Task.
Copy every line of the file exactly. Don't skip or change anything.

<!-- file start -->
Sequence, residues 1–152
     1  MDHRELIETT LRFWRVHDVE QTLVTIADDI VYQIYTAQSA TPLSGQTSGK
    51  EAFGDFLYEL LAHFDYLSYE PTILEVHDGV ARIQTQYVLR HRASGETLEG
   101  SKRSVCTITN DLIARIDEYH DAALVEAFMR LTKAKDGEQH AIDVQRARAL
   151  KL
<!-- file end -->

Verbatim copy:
Sequence, residues 1–152
     1  MDHRELIETT LRFWRVHDVE QTLVTIADDI VYQIYTAQSA TPLSGQTSGK
    51  EAFGDFLYEL LAHFDYLSYE PTILEVHDGV ARIQTQYVLR HRASGETLEG
   101  SKRSVCTITN DLIARIDEYH DAALVEAFMR LTKAKDGEQH AIDVQRARAL
   151  KL